An Autumn Check-In: Commercial Interior Trends To Look Out For
Fall is always an appropriate time of year to check in on trends. I find it valuable to see what is trending in my own industry and also in other ones. So much of what’s happening more broadly in the culture impacts our lives and, eventually, our own industry. With this in mind, I’ve narrowed down five important trends impacting interiors.
5 Trends in Commercial Interiors
Sound and Acoustics
After emerging from lockdown, people realized the world is actually a very loud place. Schools, in particular, are paying attention to the impact noise has on learning. For example, not only is noise distracting for students, but it can also have implications such as negatively impacting language development. Restaurants are another example of spaces where noise can negatively impact the experience people have in a space.
In many of these interiors, designers are incorporating acoustic solutions to control the noise level in a space and positively impact the overall experience.
Nature and Biophilic Design
Biophilic design is not going anywhere. Nature is good for both our physical and mental health, and nearly all new design projects want to incorporate access to nature. In those cases where connection to the outdoors isn’t possible, natural light and imagery of nature can positively affect people.
Multi-Use and Adaptable Spaces
The pandemic highlighted the need for interiors, and the people using them, to be more flexible and adaptable. Moveable walls and rooms that can serve more than one function have become important so people can respond to unexpected disruptions as quickly and seamlessly as possible. Doing this can be lifesaving in interiors such as healthcare and senior living facilities. Yet, it is also crucial in restaurants, schools, fitness centers, and shops. The easier spaces can adapt, the less disruptive life is.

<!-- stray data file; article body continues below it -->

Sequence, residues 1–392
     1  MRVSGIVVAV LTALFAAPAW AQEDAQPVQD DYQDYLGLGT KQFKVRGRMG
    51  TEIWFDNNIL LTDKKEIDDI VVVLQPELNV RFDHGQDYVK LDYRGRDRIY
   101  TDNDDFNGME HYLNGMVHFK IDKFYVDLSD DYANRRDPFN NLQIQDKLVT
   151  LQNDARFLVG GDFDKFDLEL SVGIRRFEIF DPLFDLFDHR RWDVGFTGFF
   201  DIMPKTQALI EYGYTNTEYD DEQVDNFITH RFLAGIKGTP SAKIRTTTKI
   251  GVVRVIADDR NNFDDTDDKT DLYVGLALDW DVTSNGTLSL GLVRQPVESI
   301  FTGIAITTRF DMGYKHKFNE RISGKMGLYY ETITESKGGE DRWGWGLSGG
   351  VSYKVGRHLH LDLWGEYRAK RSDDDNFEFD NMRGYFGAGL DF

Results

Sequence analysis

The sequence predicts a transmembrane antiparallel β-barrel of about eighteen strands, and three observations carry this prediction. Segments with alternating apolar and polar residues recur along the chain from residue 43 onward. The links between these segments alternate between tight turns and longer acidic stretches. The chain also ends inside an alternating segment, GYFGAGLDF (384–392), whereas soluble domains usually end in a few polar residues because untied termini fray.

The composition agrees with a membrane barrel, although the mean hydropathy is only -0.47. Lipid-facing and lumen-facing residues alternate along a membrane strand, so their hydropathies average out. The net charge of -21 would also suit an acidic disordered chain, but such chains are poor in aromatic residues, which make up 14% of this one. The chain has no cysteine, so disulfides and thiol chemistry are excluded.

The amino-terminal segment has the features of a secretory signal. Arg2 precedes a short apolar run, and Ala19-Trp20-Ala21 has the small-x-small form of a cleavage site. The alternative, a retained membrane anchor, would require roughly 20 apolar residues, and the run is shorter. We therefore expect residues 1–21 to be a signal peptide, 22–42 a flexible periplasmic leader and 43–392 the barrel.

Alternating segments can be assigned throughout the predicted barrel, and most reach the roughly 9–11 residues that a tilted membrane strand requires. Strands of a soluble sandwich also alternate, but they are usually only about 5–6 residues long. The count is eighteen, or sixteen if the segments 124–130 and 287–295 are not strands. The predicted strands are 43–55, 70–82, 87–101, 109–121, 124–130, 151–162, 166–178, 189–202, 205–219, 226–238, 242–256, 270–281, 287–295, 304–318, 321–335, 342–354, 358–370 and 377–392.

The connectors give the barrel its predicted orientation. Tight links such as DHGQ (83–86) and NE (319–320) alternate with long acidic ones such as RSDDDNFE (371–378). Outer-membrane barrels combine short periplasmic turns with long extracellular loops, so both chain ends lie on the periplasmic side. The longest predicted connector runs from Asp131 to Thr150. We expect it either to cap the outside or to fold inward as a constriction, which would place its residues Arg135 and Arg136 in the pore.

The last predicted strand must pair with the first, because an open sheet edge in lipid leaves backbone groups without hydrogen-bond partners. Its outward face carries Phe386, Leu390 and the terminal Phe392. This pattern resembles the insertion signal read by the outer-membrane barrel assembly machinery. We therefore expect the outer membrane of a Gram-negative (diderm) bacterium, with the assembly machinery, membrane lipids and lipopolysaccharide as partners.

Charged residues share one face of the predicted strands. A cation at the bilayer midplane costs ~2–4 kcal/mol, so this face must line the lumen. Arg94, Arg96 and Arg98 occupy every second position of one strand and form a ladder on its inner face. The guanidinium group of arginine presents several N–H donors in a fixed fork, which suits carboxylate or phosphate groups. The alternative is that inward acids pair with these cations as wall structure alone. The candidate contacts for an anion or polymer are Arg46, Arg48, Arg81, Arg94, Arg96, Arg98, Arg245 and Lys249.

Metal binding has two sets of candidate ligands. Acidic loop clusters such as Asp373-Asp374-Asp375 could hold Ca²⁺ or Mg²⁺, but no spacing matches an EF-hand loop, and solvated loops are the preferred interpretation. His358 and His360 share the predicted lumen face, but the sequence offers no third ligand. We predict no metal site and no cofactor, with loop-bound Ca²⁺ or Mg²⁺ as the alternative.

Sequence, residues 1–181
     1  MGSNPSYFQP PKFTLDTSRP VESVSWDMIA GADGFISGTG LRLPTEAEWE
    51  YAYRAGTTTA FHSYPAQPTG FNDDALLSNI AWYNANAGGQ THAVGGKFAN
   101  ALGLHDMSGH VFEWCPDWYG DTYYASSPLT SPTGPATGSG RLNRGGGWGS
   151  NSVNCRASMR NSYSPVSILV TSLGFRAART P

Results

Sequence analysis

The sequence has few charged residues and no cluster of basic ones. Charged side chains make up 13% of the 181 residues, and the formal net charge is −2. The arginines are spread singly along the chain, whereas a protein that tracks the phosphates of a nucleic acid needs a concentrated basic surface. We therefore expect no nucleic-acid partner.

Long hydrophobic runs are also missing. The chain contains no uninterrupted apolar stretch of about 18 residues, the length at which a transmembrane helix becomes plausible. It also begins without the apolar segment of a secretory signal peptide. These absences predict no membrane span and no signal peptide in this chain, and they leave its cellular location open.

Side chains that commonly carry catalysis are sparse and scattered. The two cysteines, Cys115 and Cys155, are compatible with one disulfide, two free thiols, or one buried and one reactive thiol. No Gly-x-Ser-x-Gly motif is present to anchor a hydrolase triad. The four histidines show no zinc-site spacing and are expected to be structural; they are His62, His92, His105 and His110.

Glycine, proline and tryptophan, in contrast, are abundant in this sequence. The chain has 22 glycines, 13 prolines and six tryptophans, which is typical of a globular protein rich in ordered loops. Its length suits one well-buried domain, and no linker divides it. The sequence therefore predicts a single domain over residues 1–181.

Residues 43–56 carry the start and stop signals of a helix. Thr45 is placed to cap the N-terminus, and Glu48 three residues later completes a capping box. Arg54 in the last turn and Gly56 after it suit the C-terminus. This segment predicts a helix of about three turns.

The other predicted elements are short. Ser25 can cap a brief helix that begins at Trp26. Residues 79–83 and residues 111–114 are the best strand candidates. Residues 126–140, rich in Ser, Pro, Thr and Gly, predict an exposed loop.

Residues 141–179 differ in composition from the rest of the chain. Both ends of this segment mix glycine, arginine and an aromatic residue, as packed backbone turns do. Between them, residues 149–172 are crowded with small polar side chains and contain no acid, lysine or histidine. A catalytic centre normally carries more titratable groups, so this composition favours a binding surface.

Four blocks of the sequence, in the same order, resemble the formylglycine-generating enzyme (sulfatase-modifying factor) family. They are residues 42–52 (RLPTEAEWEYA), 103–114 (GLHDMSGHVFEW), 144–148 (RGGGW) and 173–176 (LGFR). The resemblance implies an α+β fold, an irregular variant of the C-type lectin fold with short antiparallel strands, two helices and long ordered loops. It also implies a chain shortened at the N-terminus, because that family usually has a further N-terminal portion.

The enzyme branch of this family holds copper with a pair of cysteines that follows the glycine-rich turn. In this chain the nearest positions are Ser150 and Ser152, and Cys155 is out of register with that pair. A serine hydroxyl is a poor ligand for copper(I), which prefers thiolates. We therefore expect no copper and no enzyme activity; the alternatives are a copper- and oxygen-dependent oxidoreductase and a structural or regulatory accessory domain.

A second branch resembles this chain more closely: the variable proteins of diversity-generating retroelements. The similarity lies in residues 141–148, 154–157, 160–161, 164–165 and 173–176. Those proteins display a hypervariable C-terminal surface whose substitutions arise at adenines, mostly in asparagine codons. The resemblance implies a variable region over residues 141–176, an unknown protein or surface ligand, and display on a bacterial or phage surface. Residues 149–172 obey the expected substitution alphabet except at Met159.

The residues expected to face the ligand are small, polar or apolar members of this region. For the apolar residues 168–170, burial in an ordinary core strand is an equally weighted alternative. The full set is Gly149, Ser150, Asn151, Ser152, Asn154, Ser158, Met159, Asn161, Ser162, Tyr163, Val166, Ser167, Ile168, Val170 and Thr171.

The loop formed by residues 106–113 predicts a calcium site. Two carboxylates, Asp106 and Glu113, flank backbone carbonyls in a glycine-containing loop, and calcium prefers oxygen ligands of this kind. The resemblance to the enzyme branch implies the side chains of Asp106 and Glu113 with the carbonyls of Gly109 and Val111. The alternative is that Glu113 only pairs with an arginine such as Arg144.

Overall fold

Humans used to have a much more robust sense of the tactility of the world around us. Over time, we’ve all become less and less connected to texture. In fact, textile designer Anni Albers was bemoaning the loss of our “tactile sensibility” back in the 1960s. Today, so much of our world is experienced through smooth screens and keyboards. As a result, people are craving texture. They want to reach out and touch a surface that feels different or taps into a memory.
Designers are responding to this urge by choosing materials with texture. In some cases, that is a challenge, such as in a hospital where materials need to be cleaned regularly with harsh chemicals. In those cases, visual texture that mimics actual texture can be a creative solution.
As big chain businesses have made spaces more homogenized, people seek local flavor and stronger community connections. As a result, interior designers are designing more spaces intended to bring people together in unexpected ways. They are also working with local designers or artists to add unique touches to an area, such as a mural by a local artist.
Where Do Wide-format Printers Fit Into These Trends?
I see so many opportunities for wide-format printers in these trends! There are so many places for designers to customize spaces with products digitally printed just for them. With the possibility of printing on nearly any product, from window film to acoustic panels to upholstery or wallcovering, there are endless ways for printers to take advantage of these trends.
Kristen Dettoni is the founder and CEO of Design Pool LLC, the only pattern library created exclusively for interior designers. Since 1996, Kristen has worked for mills throughout North America, designing fabrics for automobiles, furniture, and home furnishings. She developed the first sustainable upholstery fabric for office interiors, the first sustainable upholstery fabric for automotive interiors, and was awarded a patent for automotive suspension seating. Kristen believes strongly in the power of good design to transform our environments and experiences.